The man who would become the godfather of radio presenters and known for his flowing locks was before radio an “upcoming rapper” for a few years. Back then, his trademark wasn’t his hair or the voice but suspenders.
With the song, Jack and Jill, the New York-born deejay attempted to make his mark in clubs as both a musician and DJ. But it was at Sanyu where he cut his teeth and although he was fired for abandoning his duty to go deejaying in a club, he was already an item.
Ndawula moved to Capital FM on easter weekend of 1994 and would stay there until his retirement in 2017. For 13 years on Capital, Ndawula presented the breakfast show from 6am to 10am. He was moved to the Evening Drive show in 2007 when Gaetano Kaggwa and Karitas Karisimbi took over the show with support from Oulanyah Columbus.
By then, Ndawula was Dance Force, a show he started presenting from 90s and one that brought out his full character desires. With Dance Force, Ndawula brought the club to living rooms on air every Saturday evening.
At the time of his death, last week, Ndawula had been forced into retirement by ill-health after years of substance abuse had taken its toll on the 59-year-old body he carried.
Bangi was born on the exact same day as Alex Ndawula. January 8, 1963. While Alex became like the godfather of FM presenters, Bangi was the godfather of oldies.
If Radio One thought they had mastered the art of oldies, Bangi proved that he was an institution in itself with the same class of music on the defunct WBS TV. His Golden Oldies was as the name suggested: golden.
On Sanyu FM, he presented Wind Down Zone and also co-presented Evening Drive with Crystal Newman but it was for oldies that Bangi created a special niche, including in club where older generations went to feed on his discs.
DJ Bangi, who attended Kitante Primary School in Kampala, Ntare School in Mbarara, Namasagali College in Kamuli and Makerere University Kampala, where he got a Bachelors of Law degree, died from his home in 2007, months after suffering a stroke.
There were crazies and there was Allan, the Cantankerous, Mugisa. His show was incomplete without a declaration that he was the most handsome man in the whole of Hoima. And he had a recorded gimmick that shouted “Shake Shake Shake your bums” upon which he would add “Shake your bums, guys!”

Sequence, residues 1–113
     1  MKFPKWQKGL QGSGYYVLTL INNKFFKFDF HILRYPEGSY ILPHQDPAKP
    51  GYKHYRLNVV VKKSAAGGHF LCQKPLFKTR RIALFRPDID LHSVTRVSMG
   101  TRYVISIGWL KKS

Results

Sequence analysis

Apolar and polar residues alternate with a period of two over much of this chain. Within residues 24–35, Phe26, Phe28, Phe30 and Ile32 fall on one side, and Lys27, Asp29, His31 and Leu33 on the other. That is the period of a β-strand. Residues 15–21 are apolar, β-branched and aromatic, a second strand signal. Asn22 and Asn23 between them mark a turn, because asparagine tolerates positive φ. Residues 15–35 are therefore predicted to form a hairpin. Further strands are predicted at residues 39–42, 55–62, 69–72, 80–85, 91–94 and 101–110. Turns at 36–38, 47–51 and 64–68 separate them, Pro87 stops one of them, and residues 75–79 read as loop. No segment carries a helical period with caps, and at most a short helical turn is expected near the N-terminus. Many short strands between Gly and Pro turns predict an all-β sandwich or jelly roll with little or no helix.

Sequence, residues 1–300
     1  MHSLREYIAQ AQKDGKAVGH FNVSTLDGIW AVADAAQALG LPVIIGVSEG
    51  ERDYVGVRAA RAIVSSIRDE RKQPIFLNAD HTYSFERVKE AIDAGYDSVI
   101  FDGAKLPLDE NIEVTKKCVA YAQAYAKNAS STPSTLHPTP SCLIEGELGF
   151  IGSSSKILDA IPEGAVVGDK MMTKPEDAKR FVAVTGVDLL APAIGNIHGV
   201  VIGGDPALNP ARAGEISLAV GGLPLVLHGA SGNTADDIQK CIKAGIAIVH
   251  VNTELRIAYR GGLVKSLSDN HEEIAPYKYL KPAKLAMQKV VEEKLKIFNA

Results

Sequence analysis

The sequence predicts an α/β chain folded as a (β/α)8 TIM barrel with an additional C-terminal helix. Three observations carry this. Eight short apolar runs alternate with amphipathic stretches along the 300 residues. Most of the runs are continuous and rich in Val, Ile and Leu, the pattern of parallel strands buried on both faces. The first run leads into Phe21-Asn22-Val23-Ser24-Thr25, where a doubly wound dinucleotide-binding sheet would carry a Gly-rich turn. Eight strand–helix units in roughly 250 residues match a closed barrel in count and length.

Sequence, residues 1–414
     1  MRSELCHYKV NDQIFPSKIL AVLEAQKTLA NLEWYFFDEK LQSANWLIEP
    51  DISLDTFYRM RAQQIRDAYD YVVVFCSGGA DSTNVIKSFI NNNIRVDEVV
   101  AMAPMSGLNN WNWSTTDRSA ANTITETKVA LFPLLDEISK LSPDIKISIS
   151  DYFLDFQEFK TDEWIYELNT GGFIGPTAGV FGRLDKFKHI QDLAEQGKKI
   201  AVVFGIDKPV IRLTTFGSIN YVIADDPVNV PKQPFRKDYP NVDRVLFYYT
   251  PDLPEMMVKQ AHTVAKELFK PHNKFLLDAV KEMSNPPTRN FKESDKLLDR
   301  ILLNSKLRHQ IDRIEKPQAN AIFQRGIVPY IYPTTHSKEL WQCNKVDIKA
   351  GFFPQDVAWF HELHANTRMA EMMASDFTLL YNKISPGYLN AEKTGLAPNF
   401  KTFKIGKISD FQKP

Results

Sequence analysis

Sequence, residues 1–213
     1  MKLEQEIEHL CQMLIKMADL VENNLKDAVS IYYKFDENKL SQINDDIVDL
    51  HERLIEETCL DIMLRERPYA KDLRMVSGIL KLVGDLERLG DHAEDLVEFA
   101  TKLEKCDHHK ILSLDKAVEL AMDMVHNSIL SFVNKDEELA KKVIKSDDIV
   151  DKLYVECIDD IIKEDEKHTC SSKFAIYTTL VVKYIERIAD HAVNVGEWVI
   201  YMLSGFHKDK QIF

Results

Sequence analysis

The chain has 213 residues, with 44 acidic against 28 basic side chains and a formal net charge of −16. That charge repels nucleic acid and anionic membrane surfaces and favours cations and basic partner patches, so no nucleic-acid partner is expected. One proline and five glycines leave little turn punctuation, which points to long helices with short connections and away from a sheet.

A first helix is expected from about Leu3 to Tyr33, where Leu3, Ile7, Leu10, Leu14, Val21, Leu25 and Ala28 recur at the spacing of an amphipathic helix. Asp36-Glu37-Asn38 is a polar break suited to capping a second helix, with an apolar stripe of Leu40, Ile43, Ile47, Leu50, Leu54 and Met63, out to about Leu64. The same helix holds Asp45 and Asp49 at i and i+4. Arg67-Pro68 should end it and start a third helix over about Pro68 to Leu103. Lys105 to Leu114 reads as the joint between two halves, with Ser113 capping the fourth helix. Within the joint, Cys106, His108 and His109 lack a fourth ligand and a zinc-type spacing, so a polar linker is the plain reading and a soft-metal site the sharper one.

There are many subjects of debate but one certainty: The Cantankerous was the most humorous man to grace the FM airwaves and his noise decibels were joyful.
His Hot 7 at 7 show was the shortest entertainment show on radio but it gave the full value as Allan took listeners through the seven most played songs on radio in descending order.
Most weeks, one would be sure of which songs made number one but nobody dared touch the dial as Allan would urge listeners before every commercial break, “don’t touch your dial, you won’t regret it” – where Bbale Francis would implore with “please don’t go away”.
Allan later presented a show with Roger Mugisha and the catch phrase then was ‘Mugisa and Mugisha’. Like a rascal, he enjoyed probing his partner on air, often asking things that would annoy but for Allan, only caused laughter.
Of course, humour moved in his veins. His father Dr Tumusiime Rushedge, aka Tom Rush, was a revered Sunday Vision columnist and cartoon strip artist.
Allan was one of the few big talents in that era of radio wave not to have crossed the River Nile for studies in Kamuli as he went to Budo and Makerere College before joining Makerere University for a degree in Food Science and Technology, a course he abandoned in third year – despite being on government sponsorship – to live his radio dream.
Unfortunately, Allan battled alcohol and smoking addiction. He tried hard to stop the habit, including getting ‘saved’ but life kept happening.
After losing his son with lover Maggie, Albert Jason Mugisa, on Christmas Eve of 2005, he was left a broken man, leading to his death two years later.
Along with Peter Loshode and Rasta Rob MC, Allan The Cantankerous One Mugisa remains one of the most entertaining presenters in the private FM radio era.
Popularly known as Hajati Sematiko, she was the first Ugandan woman to read news in Luganda on radio. Mentored by Bbale Francis, what Sematiko started at Capital FM, she perfected at CBS radio. Until her death in 2010, Hajati Sematiko was one of the most celebrated Luganda news readers on radio.
Peter Nkwanga literally died while running to be on air for his show. The man who went by the stage name of Menton Summer was rushing from Mbale after a performance to catch up with his midnight radio show, Dance Mania, on CBS FM, when was involved in a car accident in 1997 in Iganga.
Along with Emperor Orlando, Menton Summer set out to enjoy himself as a musician as much as he did on air as a radio presenter. As he worked to popularize dancehall music through his radio show, Menton Summer produced hits such as Kanemu remix with Emperor Orlando and became a household name with Sirika Baby.
As an artiste already, his appeal among listeners just increased and the popularity of Dance Mania almost immediately rode on the popularity of Menton Summer, the musician. Perhaps this explains why Shanks Vivie’D could not maintain the same appeal when he took over the show after Menton Summer’s death despite being a better presenter.
Makumbi started his sports career at radio Sapentia before joining CBS as a sports commentator and kadongokamu presenter. The latter programme he would later carry on to Bukedde TV.
Makumbi, who tried his hands in kadongo kamu music with songs such as Flower and Endaga Bitonde, succumbed to cancer in 2016.